Of course, the collapse of North Korea would require intense negotiations between all of the major regional actors, including Japan, Russia, China, South Korea, and the United States. Such negotiations would produce a situation just as complicated as the Nagorno-Karabakh dispute. However, we can envision the basic outlines of an agreement, while taking note that envisioning and achieving aren’t the same thing. U.S. forces would not be necessary in post-reunification Korea, or at least not near the Chinese border. The dismantling of any intact North Korean nuclear weapons, as well as North Korean nuclear facilities, would probably be a key concern for both Japanese and Chinese policymakers. Any agreement would have to provide for the securing of Korea’s border with China, and develop a framework for managing China’s economic interests in the former North Korea.
In the context of any discussion about negotiations, the release of the cables brings up some relevant issues of diplomatic secrecy. As Pei suggests, not thinking about a North Korean collapse would be the height of irresponsibility for policymakers in the United States, South Korea, Japan, and China. Since the final status of North Korea affects the interests of all four powers, policy coordination will be necessary. However, none of the states involved can publicly discuss contingency plans for a North Korean collapse. Evidence that South Korea and the United States were actively colluding in planning for the aftermath of such a contingency would probably quash any hopes for the Six-Party Talks. Open Japanese participation in such talks could inflame opinion in both Koreas and in Japan. Perhaps most important, evidence that China had broached the topic of a North Korean collapse with the United States and South Korea might serve to make Pyongyang even more paranoid and reckless.
As has been noted in several places, this is one hell of an interesting cable. The upshot is that South Korean officials seem to believe that North Korea will collapse in a fairly short interval after the death of Kim Jong Il, and that a few Chinese policymakers have suggested that China is prepared to acquiesce on a reunified Korea governed by Seoul.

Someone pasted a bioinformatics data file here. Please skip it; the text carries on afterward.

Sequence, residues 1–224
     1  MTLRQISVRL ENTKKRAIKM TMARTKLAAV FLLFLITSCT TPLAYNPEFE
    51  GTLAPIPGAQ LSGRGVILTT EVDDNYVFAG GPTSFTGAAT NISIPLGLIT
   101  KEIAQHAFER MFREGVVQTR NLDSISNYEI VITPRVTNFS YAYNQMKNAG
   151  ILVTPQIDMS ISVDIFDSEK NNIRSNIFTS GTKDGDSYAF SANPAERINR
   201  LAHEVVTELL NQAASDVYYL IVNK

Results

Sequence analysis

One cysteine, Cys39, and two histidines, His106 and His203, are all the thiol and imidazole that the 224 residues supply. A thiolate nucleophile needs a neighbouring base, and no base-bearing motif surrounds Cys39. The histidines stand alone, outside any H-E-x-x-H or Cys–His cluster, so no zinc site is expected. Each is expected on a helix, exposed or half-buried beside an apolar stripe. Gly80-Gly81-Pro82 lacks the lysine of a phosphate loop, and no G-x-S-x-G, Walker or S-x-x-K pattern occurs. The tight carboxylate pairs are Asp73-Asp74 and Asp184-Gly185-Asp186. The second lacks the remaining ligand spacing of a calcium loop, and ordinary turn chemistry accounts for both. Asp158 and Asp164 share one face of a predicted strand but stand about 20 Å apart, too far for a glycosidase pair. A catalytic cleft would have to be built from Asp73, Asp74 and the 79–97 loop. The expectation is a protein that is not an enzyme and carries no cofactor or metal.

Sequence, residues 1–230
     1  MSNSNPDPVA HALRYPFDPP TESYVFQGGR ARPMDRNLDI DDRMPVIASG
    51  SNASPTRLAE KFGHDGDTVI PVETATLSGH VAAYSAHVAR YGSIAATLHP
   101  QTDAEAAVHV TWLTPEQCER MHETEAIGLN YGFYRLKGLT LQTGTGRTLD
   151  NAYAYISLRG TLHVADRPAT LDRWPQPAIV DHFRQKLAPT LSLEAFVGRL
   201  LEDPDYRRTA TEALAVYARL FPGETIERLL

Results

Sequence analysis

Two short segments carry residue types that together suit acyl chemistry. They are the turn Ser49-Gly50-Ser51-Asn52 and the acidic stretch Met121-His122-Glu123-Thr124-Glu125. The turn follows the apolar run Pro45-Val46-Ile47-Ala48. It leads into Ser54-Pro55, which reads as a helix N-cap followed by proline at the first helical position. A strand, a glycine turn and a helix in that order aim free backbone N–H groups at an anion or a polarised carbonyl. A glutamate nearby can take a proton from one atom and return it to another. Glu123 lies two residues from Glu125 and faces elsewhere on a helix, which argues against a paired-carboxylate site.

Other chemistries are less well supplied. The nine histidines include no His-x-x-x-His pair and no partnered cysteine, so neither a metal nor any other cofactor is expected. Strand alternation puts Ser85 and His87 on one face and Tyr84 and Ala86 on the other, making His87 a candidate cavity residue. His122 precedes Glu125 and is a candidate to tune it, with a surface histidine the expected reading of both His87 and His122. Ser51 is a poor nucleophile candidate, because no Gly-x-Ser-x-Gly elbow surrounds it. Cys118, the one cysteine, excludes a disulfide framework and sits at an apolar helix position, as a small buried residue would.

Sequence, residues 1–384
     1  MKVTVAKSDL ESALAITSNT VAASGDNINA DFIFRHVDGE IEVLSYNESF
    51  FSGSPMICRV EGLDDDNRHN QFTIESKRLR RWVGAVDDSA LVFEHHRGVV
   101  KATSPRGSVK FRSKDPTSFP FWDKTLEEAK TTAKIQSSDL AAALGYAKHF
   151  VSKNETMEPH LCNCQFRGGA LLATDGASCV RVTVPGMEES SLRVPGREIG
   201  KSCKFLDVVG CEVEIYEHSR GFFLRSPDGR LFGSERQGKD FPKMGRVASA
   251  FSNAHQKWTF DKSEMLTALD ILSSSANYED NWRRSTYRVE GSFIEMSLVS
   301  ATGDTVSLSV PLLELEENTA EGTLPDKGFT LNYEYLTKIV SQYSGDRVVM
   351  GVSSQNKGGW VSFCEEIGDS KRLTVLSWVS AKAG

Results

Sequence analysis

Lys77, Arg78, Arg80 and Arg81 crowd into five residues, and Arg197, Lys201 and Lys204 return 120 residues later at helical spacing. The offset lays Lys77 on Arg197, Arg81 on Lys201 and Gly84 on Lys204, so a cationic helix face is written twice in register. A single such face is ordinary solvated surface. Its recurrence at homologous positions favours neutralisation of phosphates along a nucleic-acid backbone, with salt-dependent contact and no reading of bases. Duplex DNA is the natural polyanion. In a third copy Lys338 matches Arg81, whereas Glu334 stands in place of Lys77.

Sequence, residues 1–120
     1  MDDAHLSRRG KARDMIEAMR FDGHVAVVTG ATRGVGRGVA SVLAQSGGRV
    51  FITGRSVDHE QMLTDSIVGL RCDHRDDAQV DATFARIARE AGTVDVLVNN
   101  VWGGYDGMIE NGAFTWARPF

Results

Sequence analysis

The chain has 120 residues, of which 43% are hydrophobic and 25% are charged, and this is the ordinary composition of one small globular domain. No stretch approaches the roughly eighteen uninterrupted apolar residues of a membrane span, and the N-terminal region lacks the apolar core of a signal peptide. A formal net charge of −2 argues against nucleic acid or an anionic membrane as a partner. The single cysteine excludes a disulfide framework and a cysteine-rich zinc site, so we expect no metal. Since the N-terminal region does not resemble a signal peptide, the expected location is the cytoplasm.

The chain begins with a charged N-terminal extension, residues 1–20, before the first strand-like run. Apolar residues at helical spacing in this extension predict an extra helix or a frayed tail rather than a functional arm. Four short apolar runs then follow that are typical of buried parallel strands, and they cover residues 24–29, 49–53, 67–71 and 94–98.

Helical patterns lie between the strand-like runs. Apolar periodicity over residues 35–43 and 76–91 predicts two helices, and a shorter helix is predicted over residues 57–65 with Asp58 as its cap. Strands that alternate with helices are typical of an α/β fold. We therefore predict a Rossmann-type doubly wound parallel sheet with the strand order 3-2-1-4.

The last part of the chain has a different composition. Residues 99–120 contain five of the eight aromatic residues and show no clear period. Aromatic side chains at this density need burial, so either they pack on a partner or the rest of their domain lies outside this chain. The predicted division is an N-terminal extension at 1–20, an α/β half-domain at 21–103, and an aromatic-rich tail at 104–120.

Drezner throws the cold water:
I don’t doubt that Chinese officials said everything reported in the documents. I do doubt that those statements mean that China is willing to walk away from North Korea. It means that Chinese diplomats are… er…. diplomatic. They will tell U.S. and South Korean officials some of what they want to hear. I’m sure that they will say somewhat different things to their North Korean counterparts.
Indeed, although that’s not quite the right framing for the Chinese comments. Diplo-speak is about more than simply telling the other side what it wants to hear; there’s an element of that, but diplomats also try to refrain from saying stuff that could be dangerous for national interests. Chinese diplomats aren’t just going to tell Seoul that Beijing is groovy with reunification to be polite, because that removes leverage and may create an incentive for South Korea to get reckless. Indeed, suggesting that Beijing would accept reunification on South Korean terms is really kind of dangerous, whether or not it reflects official state policy. At the very least it confirms that there are divisions in China regarding the proper policy towards Korean reunification, which could in itself be a dangerous message to send to Seoul.
That said, Drezner is correct that any Chinese queasiness about North Korea hasn’t yet made it into visible public policy. Nevertheless, that even some Chinese diplomats are willing to even hint that the existence of North Korea might be a negotiable issue is very interesting.
See also E. on the downsides of assuming that North Korea will collapse. More on that later.
…this seems to imply that China is thinking seriously about leaving North Korea in the cold.
This is mildly alarming:
North and South Korea exchanged artillery fire on Tuesday after dozens of shells fired from the North struck a South Korean island near the countries’ disputed maritime border, South Korean military officials said. Two South Korean soldiers were killed, 15 were wounded and three civilians were injured, said Kiyheon Kwon, an official at the Defense Ministry. The military went to “crisis status,” and fighter planes were put on alert but did not take off. South Korean artillery units returned fire after the North’s shells struck South Korea’s Yeonpyeong Island at 2:34 p.m., said Mr. Kwon, adding that the North also fired numerous rounds into the Yellow Sea. News reports said dozens of houses were on fire, and TV footage showed large plumes of black smoke spiraling from the island.
In and of itself, this would be unfortunate but not particularly indicative of a major increase in tensions or a shift in North Korean policy. Combined with the Cheonan incident, the revelation of the nuke facility, and a number of other small incidents, it’s somewhat disconcerting. My best guess is this: North Korea is taking behavioral cues from the increasingly tense security relationship between China on the one side and the US and Japan on the other side. The North Koreans may believe that these tensions open up a wider space for action because they reduce the chances of collaboration between China and the US. Pyongyang may also believe that Beijing tacitly approves the series of escalations. I have no idea regarding Beijing’s actual attitude; China normally regard North Korea as an embarrassment, but in this case they may appreciate that the DPRK has some utility.
But that’s just guesswork. Thoughts?
…see also Spencer, Sigger, and Stratfor.